Feeling compelled to fill a void of having the story of the Negro told and broadly shared, Dr. Carter Woodson founded the Association for the Study of Negro Life and History now known as the Association for the Study of African American Life and History. Scholarly contributions published in the Journal of Negro History and the Negro History Bulletin laid the groundwork for intellectual inquiry and broad dissemination of the facts about the rich heritage of a people. The week-long celebration of black history began in 1926. Fifty years later, in 1976, the February celebration was extended to become a month long event heightening awareness of black life and culture. HBCUs are at the core of that story of black life and culture.
Prairie View A&M University has selected for its 2019 Black History Month or African American History Month theme “Growing Global Citizens at HBCUs.” Beginning with the 1837 founding of what is now Cheney State University in Pennsylvania, HBCUs have responded to the need for quality educational access and opportunity for its students. Unlike many Traditionally White Institutions (TWI), HBCUs have never denied any students on the basis of race or ethnicity. They have responded to the need to educate fully those who enrolled and to offer a quality education in a welcoming, nurturing environment that affirmed the worth of students and demonstrated that in the offering of a broad array of programs and services designed to fuel intellectual and personal maturation. Despite continuing constraints ranging from insufficient fiscal resources to questions about the continued need for these institutions, according to Cohen, HBCUs have served “as sources of cultural capital, uniquely situated to bridge the gap between economic development and underserved communities” (p. 590).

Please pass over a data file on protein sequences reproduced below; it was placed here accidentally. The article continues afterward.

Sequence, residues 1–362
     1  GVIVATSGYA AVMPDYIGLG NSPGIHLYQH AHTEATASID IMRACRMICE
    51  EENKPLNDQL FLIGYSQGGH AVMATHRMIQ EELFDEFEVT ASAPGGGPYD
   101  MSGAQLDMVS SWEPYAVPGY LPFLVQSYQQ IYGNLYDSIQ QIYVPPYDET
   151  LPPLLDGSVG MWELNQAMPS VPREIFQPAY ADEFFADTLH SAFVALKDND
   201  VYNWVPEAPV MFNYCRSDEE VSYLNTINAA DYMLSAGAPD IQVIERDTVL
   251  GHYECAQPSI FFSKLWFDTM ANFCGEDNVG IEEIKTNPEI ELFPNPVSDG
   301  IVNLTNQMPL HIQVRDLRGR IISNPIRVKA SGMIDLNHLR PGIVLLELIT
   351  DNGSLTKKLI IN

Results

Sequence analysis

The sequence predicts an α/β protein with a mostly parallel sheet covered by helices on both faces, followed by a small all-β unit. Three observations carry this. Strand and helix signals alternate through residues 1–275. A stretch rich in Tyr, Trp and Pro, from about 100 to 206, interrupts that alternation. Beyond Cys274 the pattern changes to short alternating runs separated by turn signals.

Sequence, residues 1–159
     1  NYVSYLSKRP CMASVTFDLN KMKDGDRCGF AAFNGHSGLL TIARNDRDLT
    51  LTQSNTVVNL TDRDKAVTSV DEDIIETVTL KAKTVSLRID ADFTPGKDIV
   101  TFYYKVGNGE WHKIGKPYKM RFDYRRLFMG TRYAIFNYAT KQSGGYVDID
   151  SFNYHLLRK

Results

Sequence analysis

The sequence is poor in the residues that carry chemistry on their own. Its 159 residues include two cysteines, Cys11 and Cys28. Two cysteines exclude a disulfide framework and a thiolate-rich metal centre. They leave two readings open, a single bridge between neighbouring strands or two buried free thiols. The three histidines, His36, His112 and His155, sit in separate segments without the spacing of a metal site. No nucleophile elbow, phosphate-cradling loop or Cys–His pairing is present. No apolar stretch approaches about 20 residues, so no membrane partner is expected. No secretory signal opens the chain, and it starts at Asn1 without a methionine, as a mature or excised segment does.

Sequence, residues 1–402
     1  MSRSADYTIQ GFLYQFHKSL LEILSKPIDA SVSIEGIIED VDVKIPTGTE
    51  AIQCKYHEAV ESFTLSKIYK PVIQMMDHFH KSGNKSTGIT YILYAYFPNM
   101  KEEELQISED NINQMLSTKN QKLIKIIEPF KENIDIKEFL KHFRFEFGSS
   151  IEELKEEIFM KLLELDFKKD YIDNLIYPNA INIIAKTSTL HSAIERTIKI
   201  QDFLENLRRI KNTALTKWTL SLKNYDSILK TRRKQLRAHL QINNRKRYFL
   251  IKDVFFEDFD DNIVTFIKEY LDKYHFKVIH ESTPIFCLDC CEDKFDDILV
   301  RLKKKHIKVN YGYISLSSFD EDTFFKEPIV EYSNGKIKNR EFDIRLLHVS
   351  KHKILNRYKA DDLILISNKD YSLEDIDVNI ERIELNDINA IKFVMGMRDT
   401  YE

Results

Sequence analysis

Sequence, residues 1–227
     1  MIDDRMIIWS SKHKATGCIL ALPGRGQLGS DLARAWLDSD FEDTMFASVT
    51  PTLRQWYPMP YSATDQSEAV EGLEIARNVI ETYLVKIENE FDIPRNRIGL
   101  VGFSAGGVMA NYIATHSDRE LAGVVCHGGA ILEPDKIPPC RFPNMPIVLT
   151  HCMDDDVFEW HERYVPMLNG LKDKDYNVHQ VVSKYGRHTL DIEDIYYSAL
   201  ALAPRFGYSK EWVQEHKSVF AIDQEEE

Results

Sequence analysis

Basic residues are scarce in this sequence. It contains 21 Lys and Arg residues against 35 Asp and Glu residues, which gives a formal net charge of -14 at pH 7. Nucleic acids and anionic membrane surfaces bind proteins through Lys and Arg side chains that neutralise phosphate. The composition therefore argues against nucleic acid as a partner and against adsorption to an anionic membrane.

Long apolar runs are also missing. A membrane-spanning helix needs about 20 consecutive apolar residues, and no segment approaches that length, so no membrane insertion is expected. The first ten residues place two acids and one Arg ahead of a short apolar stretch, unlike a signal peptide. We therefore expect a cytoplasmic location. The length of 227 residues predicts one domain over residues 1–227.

In the 21st century, the challenge to all colleges and universities is that of broadening the vision and the experiences of faculty, staff and students. Writing in ”Educating Our Own: The Historical Legacy of HBCUs and Their Relevance for Educating a New Generation of Leaders,” Travis J. Albritton (2012) states that “even as HBCUs continue their tradition and mission of offering post-secondary education and support . . .the changing American context has created a climate that requires HBCUs to consider how to move forward . . .offering educational opportunities to Black students as they seek, simultaneously, to expand both their national and global reach” (327).